Indigeneity and the judicial decision to imprison : a study of Western Australia’s higher courts
Internationally, sentencing research has largely neglected the impact of Indigeneity on sentencing outcomes. Using data from Western Australia’s higher courts for the years 2003–05, we investigate the direct and interactive effects of Indigenous status on the judicial decision to imprison. Unlike prior research on race/ethnicity in which minority offenders are often found to be more harshly treated by sentencing courts, we find that Indigenous status has no direct effect on the decision to imprison,after adjusting for other sentencing factors (especially past and current criminality).However, there are sub-group differences: Indigenous males are more likely to receive a prison sentence compared to non-Indigenous females. We draw on the focal concerns perspective of judicial decision making in interpreting our findings.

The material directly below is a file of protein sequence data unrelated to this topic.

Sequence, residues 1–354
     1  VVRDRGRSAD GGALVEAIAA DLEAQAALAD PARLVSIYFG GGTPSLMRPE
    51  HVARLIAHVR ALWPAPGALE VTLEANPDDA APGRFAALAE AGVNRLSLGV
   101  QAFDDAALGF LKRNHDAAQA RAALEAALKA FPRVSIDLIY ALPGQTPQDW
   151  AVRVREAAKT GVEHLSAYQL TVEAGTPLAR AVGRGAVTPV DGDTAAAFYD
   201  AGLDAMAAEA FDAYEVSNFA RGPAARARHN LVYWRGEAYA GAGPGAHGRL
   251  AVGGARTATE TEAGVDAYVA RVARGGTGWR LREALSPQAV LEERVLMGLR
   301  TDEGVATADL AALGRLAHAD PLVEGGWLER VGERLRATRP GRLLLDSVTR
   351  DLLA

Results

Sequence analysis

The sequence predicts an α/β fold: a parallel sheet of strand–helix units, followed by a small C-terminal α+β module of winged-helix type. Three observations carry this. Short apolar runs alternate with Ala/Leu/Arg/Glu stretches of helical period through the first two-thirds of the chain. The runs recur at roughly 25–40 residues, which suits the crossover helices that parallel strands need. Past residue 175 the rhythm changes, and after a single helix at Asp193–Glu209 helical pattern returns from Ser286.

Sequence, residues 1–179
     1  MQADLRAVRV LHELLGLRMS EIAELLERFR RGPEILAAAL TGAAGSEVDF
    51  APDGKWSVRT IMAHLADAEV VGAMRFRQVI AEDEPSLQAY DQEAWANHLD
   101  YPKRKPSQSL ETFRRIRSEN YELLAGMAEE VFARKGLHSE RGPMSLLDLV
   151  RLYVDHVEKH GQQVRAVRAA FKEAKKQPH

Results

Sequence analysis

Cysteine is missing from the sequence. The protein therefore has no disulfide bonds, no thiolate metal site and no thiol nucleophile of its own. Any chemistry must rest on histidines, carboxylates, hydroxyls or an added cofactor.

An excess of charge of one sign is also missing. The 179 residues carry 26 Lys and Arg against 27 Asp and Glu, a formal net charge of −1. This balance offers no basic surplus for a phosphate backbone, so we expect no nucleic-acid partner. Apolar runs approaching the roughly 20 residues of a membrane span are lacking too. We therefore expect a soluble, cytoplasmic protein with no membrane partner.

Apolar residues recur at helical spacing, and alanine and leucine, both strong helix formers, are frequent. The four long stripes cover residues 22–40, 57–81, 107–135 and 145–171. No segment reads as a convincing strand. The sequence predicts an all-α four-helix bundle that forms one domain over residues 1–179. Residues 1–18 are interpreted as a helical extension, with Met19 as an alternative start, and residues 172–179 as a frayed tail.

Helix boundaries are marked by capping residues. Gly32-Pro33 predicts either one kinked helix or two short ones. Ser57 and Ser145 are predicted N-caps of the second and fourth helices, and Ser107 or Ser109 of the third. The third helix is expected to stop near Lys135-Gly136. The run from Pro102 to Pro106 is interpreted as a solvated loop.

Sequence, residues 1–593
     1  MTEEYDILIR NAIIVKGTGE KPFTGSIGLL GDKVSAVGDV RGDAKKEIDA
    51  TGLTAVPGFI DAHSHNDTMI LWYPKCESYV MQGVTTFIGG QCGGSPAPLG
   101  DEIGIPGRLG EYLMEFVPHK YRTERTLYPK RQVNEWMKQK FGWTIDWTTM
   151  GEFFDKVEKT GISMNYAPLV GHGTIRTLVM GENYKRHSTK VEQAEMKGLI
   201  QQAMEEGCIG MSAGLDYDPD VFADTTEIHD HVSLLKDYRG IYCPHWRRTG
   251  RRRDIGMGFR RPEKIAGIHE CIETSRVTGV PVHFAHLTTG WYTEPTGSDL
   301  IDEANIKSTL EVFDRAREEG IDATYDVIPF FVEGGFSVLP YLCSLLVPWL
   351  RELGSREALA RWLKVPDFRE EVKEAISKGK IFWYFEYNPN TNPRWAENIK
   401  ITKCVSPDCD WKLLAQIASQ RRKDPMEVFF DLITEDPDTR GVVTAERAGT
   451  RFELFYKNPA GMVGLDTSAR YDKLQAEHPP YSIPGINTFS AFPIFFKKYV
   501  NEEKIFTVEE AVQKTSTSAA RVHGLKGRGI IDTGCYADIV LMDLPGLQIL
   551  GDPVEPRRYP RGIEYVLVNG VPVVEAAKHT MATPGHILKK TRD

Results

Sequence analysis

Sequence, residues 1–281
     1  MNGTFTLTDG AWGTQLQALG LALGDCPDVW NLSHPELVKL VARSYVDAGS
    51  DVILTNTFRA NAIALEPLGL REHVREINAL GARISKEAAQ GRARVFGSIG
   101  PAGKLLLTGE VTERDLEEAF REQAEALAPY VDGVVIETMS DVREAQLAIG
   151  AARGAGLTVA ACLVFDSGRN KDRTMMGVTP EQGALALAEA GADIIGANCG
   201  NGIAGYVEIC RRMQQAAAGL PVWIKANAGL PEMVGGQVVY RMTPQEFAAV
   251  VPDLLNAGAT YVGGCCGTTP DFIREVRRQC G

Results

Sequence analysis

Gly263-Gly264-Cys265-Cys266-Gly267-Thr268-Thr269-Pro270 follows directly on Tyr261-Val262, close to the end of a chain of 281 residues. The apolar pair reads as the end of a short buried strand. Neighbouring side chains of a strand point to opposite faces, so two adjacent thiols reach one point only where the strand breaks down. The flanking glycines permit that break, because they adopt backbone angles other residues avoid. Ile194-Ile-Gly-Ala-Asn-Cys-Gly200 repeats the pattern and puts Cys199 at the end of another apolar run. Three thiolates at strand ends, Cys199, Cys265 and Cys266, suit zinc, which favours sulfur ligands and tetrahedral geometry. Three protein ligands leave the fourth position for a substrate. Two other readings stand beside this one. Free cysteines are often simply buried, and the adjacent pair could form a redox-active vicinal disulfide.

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|Item Type:||Journal Article|
|Keywords:||Sentencing, Indigenous Defendants, Ethnicity, Race, Focal Concerns|
|Subjects:||Australian and New Zealand Standard Research Classification > STUDIES IN HUMAN SOCIETY (160000) > CRIMINOLOGY (160200) > Criminology not elsewhere classified (160299)|
|Divisions:||Current > QUT Faculties and Divisions > Faculty of Law|
Current > Schools > School of Justice
|Deposited On:||25 Feb 2011 10:06|
|Last Modified:||02 Jun 2011 00:59|
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